Stallone knows how to pitch, he’s being doing it for years but if he can pull off the sort of alienation that can be interpreted from this quote then “Rambo: Last Blood” would be embracing the soul of the original movie. If he doesn’t shy away from the frailty of an aged war hero then he could tap into new vulnerabilities that, ironically enough might breathe new life into a character that many expect to see taking his last breath.

Slots, Rambo and Conflict

To tie in with the release of the new Rambo movie we will be drawing, what I believe, is the most obvious link between the franchise and slot machines. You don’t get too many slots with muscly central characters. You don’t get too many with alienated central characters either. In fact, slots with any central characters aren’t exactly all that common. However, what you do get are slots with scenarios that suggest some form of violent conflict. Any such violence is obviously only implied through the inclusion of certain weapons and the settings that some of our slots are set in.

To keep things simple I will literally only be including slots on this list if a gun appears somewhere in it, which would in turn imply the conflict that I am looking for. That means there will be some western themed slots, some gangster themed slots and maybe even a Rambo slot might find its way onto this list.


This slot simply had to make it onto our list. Not only is it exactly what the article is about but it is a damn fine slot to boot. iSoftBet hit the nail on the head with this one. A slot that looks good, offers excellent entertainment and stunning value for money. Despite being a fair age now there is literally nothing about the Rambo slot game for me to criticise. It scored a ten out of ten and is the perfect way to kick things off.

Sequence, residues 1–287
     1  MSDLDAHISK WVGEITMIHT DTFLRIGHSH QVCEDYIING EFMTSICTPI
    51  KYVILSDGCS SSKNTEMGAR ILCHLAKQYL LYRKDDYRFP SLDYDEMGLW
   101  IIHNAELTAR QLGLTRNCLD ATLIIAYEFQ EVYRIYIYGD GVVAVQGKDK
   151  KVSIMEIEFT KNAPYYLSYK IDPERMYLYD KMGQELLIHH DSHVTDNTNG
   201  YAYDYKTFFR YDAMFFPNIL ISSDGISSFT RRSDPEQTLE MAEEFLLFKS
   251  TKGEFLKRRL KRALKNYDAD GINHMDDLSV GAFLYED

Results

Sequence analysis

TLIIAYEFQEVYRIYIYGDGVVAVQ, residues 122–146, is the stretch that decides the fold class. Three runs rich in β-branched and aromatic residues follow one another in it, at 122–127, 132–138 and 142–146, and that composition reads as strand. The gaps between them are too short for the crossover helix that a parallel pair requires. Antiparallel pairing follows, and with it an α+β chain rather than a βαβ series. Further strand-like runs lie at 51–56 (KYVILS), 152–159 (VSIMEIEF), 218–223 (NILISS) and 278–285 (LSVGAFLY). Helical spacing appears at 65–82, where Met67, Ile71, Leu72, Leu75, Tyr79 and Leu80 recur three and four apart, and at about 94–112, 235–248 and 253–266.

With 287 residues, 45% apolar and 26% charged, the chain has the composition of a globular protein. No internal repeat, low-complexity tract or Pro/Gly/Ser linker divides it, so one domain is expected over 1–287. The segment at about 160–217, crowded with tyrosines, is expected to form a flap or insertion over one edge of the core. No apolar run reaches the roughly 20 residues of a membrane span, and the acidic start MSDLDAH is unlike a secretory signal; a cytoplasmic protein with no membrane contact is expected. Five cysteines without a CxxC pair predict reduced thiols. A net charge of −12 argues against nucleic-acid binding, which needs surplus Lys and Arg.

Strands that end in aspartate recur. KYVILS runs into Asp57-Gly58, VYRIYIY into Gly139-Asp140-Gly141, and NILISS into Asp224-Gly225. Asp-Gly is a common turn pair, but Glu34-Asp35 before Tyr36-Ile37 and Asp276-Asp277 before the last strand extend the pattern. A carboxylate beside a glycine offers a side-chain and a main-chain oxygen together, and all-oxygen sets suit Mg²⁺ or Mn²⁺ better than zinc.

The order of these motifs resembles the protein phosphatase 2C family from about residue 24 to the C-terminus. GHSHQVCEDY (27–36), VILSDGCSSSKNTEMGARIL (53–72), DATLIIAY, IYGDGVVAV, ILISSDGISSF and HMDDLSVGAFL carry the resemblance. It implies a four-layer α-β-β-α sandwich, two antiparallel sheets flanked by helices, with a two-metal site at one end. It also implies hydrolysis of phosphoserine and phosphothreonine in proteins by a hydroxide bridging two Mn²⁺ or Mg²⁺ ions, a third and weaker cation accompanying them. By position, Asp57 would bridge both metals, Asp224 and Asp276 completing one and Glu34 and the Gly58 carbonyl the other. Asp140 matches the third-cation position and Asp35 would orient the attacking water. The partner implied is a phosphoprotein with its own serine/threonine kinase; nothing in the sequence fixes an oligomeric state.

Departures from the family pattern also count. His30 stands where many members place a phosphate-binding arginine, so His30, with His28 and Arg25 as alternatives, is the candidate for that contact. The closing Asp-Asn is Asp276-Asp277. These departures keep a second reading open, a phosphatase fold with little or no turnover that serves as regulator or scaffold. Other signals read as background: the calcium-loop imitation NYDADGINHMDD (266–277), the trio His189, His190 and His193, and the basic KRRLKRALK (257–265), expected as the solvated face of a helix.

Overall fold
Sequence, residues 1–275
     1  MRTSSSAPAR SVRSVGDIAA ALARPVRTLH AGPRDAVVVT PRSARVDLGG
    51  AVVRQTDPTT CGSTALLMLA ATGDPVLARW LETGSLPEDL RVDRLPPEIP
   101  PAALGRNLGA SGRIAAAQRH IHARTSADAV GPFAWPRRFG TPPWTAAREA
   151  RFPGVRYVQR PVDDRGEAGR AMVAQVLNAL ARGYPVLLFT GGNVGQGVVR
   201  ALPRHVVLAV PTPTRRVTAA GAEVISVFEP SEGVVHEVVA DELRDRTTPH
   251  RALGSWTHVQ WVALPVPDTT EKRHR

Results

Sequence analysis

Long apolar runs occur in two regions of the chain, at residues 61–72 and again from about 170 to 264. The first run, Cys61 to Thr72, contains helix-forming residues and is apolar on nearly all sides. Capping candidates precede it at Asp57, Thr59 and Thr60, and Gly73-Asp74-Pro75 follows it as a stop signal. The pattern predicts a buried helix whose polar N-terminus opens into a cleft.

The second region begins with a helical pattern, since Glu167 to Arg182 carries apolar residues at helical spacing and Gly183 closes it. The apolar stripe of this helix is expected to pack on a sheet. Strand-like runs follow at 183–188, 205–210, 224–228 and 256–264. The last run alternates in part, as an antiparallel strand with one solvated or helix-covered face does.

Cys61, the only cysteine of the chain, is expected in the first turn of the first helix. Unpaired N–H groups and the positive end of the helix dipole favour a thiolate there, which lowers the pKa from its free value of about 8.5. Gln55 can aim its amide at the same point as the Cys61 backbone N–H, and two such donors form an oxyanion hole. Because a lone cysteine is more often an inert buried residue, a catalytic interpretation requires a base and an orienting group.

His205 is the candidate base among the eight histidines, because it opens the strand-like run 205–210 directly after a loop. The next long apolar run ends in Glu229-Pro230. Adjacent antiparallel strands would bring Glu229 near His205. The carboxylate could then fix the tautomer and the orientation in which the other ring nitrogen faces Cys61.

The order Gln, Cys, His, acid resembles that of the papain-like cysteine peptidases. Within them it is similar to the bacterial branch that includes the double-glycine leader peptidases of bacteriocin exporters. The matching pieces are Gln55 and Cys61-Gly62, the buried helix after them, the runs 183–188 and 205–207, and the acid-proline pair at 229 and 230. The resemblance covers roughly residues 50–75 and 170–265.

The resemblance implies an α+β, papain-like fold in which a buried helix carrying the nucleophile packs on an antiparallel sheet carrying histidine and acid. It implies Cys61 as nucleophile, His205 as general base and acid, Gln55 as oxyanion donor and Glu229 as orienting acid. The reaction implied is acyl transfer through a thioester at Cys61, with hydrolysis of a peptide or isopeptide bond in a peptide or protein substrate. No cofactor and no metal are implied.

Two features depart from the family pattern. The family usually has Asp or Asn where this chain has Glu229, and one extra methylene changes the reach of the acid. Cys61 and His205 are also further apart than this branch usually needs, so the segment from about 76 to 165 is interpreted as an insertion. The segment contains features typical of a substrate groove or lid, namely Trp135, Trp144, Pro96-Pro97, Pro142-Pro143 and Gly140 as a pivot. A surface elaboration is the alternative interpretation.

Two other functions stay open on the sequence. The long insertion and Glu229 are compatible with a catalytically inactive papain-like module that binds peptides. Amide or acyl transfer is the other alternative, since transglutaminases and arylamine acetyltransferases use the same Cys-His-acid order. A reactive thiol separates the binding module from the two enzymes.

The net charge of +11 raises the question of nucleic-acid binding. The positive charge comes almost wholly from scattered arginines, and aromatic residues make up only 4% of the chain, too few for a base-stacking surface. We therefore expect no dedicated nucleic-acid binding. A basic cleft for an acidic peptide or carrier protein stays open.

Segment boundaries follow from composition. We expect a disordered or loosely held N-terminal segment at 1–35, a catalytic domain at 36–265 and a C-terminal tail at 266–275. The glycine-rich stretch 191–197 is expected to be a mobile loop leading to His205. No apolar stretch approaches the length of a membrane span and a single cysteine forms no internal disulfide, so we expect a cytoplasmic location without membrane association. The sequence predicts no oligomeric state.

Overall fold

Play the slot here for free

Dead or Alive II

Net Entertainment will feature heavily on this list and I personally don’t think there is a better way to kick things off than this. Dead or Alive II hasn’t gained the popularity that the original slot has but in my opinion it should have and then some. Having already appeared in a few of our lists this year, this slot (after Rambo) was my go to.

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Sticky Bandits

I for one am not ready to leave the Western theme behind just yet, but I am ready to take a look at another slot developer. Quickspin released Sticky Bandits a while ago now, but it still stands up in terms of the overall aesthetic. The slot looks good and it has a couple of decent features. But, more importantly, it appears to be a popular slot with the punters.

Play the slot here for free


Net Entertainment fill up another one of our places and, to be honest they are a long way from being finished yet. Features range from the Drive By to the Locked Up feature, which once again signal an intelligent attempt to bring the features in line with the game’s central themes. Add to all of that a slots gaming experience that is fun and engaging and you don’t need to love the show to love the slot.

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Reel Steal